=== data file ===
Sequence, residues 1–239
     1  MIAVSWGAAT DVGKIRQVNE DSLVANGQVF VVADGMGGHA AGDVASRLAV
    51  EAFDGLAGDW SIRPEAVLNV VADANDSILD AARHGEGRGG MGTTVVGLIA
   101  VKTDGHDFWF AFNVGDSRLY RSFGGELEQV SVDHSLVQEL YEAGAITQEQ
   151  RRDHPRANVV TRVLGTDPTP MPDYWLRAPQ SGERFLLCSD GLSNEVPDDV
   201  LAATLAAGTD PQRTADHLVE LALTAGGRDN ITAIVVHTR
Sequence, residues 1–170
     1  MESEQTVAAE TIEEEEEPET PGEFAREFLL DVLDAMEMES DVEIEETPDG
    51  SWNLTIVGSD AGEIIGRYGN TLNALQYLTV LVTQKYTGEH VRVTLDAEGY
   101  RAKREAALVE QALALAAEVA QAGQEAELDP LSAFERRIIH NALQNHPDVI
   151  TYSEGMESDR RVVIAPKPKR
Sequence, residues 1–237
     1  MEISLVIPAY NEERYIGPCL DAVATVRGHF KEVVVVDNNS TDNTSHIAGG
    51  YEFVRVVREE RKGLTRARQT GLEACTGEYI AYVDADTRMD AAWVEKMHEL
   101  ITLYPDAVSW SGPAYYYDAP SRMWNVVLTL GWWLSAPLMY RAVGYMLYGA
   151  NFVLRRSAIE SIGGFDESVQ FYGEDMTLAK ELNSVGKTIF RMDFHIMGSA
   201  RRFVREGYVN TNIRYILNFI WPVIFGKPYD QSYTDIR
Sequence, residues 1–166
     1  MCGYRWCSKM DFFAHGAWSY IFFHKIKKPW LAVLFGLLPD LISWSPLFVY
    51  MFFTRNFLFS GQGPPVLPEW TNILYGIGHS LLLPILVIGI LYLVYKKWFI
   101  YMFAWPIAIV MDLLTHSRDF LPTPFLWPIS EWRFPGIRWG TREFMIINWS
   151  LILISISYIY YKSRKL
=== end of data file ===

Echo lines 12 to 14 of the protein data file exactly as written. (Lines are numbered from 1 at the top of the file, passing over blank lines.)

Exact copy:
Sequence, residues 1–237
     1  MEISLVIPAY NEERYIGPCL DAVATVRGHF KEVVVVDNNS TDNTSHIAGG
    51  YEFVRVVREE RKGLTRARQT GLEACTGEYI AYVDADTRMD AAWVEKMHEL